A Challenge & An Expression of Freedom
Some of the more adventurous Linux users choose a Mac on purpose as it is more difficult to install Linux on them than on most PCs. Macs are very proprietary in nature, and Apple intentionally tries to make it more difficult to install anything non-approved in non-approved ways (unlike installing Windows via Bootcamp).
Many users see the installation of Linux on such systems as a challenge, as they’re ultimately making Linux run on something that really wasn’t meant to run it. And they’ve succeeded — nowadays performance is pretty good, I’ve even made a straightforward guide for installing Ubuntu on a MacBook Pro Retina.
Once Linux has been successfully installed, it becomes a badge of honor that they’re running Linux on an Apple product. Expect such users to show off their Linux-powered Apple computer frequently. Don’t be surprised to find a penguin sticker on the glowing Apple logo, too.
Many users are trying to make the point that you can always “free” hardware from its symbolic proprietary “chains”. Instead of being locked to a tightly controlled, Apple-sanctioned operating system, you have the choice to use something else instead.
In the grand scheme of things it’s little more than bragging rights to impress passersby, but those users are happy and proud to be running such a system. And good for them, because again, the hardware is pretty nice.
Oranges, Not Apples
However, running Linux on a Mac might not be unbelievable yet perfect marriage that this article may make it seem to be. While there are huge benefits to be found running a truly free OS on durable high quality hardware, there is one ideological flaw if a user’s purpose for installing Linux is to “free” the hardware.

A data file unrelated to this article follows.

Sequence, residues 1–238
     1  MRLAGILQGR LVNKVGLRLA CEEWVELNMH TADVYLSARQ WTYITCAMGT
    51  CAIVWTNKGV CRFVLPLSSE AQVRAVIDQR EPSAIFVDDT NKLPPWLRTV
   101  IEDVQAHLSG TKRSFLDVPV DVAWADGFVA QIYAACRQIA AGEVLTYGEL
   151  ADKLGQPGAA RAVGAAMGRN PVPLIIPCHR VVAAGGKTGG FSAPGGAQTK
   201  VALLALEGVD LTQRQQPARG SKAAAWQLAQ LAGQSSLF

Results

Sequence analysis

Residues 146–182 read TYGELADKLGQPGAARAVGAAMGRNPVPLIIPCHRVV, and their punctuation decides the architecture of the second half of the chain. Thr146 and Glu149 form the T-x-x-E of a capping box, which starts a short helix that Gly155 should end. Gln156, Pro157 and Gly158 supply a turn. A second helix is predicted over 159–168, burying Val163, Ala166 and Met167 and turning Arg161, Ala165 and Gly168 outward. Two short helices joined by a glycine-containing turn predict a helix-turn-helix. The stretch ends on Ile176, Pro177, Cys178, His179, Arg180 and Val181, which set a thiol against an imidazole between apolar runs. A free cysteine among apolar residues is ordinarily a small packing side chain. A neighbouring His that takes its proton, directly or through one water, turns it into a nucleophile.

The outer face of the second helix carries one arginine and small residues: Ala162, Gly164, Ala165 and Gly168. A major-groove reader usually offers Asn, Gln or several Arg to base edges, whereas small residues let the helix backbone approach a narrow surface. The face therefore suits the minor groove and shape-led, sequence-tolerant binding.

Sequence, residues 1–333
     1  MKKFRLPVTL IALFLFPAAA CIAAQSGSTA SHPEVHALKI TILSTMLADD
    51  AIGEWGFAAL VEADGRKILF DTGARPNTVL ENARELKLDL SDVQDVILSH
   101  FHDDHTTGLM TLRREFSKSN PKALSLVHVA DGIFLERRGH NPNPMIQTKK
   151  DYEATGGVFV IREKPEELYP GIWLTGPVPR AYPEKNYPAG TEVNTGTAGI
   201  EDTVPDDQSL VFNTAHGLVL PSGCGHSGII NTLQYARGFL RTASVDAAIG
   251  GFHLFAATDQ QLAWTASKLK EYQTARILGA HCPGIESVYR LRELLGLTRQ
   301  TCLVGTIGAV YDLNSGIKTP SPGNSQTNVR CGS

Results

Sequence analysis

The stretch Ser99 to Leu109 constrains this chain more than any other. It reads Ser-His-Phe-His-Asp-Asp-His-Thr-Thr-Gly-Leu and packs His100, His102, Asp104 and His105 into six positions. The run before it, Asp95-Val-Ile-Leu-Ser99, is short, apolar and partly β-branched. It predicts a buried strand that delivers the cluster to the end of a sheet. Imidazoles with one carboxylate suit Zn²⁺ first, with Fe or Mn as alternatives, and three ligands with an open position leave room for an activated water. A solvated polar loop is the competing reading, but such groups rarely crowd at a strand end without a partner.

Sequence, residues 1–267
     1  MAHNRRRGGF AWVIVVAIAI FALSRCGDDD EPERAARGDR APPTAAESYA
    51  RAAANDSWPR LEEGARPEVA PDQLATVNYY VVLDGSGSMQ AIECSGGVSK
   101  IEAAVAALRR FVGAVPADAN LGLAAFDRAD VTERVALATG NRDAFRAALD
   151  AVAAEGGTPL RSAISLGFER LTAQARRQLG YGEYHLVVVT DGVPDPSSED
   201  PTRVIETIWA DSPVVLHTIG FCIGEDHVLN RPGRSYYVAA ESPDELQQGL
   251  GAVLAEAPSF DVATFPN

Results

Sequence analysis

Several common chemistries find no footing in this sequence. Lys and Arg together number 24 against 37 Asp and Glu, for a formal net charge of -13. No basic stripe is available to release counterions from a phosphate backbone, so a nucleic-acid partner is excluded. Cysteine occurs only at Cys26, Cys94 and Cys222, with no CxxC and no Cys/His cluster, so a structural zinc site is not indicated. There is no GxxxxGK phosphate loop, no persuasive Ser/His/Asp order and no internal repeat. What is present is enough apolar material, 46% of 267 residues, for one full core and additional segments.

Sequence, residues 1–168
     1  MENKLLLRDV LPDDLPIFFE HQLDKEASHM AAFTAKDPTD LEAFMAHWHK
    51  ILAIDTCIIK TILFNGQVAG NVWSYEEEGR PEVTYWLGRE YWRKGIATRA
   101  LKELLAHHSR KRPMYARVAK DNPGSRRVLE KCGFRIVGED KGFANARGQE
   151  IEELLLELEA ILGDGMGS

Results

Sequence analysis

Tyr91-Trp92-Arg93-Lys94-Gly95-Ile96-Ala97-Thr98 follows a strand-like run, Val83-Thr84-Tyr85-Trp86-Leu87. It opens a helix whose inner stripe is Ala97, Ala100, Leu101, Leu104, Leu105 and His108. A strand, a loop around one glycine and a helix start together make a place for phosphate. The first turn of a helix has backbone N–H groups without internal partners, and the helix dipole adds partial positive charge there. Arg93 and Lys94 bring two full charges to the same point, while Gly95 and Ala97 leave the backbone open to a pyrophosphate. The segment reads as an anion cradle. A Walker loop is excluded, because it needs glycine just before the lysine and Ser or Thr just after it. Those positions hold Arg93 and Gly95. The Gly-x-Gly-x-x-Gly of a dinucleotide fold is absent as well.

While the aim is to turn a proprietary system into an open one, you still have to pay for the hardware and thereby support the purveyors of such a proprietary system (Apple) in the process. That’s a conflict of interest, because you’re supporting the very thing that you’re trying to oppose. Not all users will feel this way as choice of OS is a personal one, and not everyone is motivated by such ideology.
It’s also worth noting that Apple doesn’t make the only examples of high-quality computer hardware. System76 and ZaReason are two popular manufacturers of computers specifically designed to run Linux, although they focus more on flexibility and power rather than build quality and world-class design.
There’s also Dell which offers a few Linux-friendly systems that may offer a higher standard for build quality. Once you look farther than that, you can pick just about any manufacturer and slap Linux on it. However, if you’re looking for a metal unibody laptop, then good luck — those are hard to find.
People Actually Do It
As you can see, there are lots of reasons why Linux users and Apple hardware might mix. And people from around the Web agree.
Is using Linux on your Mac right for you? That’s up to you to figure out as setting up Linux on a Mac isn’t as headache-free as simply using Mac OS X. For example, some tweaks need to be made to improve the experience on HiDPI displays such as Apple’s Retina display. But don’t think that it isn’t possible, as clearly others have done it.
Would you install Linux on your Mac? What would make you switch to Linux or stay with OS X?